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Microsoft lays down software piracy law

Microsoft lays down software piracy law

SOFTWARE piracy continues to lurk in the shadows of the legitimate IT industry and every so often rears its ugly head.

Microsoft is still the most vigilant of companies when it comes to busting counterfeit software.

Last week an Australian reseller, PC Club, was ordered to pay Microsoft Australia $1.3 million in damages for trademark and copyright infringement.

Vanessa Hutley, Microsoft Australia senior corporate attorney, is confident the ruling will send a clear signal to software pirates.

Hutley urges all Microsoft partners and customers to question deals that look too good to be true.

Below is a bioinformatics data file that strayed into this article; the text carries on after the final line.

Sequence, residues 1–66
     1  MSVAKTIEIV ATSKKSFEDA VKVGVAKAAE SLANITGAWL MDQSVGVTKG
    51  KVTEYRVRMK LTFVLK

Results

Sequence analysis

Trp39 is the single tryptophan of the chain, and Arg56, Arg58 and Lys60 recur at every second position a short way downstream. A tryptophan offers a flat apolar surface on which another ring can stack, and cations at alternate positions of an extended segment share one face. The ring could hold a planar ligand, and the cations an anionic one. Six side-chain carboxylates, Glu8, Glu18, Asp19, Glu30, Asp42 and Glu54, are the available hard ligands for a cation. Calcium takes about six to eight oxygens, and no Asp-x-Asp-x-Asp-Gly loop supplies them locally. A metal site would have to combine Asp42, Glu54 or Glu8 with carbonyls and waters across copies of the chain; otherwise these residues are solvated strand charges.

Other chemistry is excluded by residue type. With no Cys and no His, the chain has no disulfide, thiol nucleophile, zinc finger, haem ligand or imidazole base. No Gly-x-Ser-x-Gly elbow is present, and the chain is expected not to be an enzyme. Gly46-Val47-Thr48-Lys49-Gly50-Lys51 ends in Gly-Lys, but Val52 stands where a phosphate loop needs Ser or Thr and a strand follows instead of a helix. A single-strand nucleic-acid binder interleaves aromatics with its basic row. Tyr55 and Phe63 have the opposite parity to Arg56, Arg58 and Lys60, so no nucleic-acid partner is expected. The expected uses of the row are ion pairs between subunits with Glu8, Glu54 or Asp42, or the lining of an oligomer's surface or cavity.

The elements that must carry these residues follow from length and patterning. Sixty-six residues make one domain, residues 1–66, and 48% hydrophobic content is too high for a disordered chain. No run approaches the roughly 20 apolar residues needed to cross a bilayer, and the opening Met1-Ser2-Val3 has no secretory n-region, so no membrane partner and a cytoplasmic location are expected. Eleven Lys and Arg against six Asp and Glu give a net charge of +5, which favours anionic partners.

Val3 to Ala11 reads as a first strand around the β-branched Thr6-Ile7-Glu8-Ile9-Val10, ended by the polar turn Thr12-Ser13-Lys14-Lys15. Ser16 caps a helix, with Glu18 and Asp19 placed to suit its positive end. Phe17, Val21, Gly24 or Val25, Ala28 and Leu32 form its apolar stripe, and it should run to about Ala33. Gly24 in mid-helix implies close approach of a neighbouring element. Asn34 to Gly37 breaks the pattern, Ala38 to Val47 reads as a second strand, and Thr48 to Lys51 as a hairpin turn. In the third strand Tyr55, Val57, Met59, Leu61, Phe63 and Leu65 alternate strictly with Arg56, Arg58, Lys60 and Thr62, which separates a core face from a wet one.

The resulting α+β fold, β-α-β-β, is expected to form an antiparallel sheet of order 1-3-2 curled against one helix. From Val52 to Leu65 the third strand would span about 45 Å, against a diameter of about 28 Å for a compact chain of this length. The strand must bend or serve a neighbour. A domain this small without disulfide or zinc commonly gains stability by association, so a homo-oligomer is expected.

Legitimate business people should not have to compete with people who are undertaking these sorts of practices, she says.

Helen Robinson, Microsoft NZ director for small to medium businesses and partners, echoes the sentiment.

“It’s the same old thing, if it sounds too cheap it probably is,” she says.

While Robinson believes demand for counterfeited goods is probably driven from the consumer side, she says unscrupulous businesses are to blame.

“There are certainly some commercial organisations creating a market that makes it difficult for anyone else to survive.”

But, as IDC country manager Graeme Muller points out, piracy can have an even greater impact on small software companies.

“If you are a New Zealand company piracy is vitally important to you in the global market — especially in countries that don’t have a high regard for intellectual property. If you ship your product to China and someone thinks it’s good, they can make their own product and run with it and you’ve lost out,” he says.

• To read more on piracy in New Zealand and its negative effect on the channel, turn to page 16.


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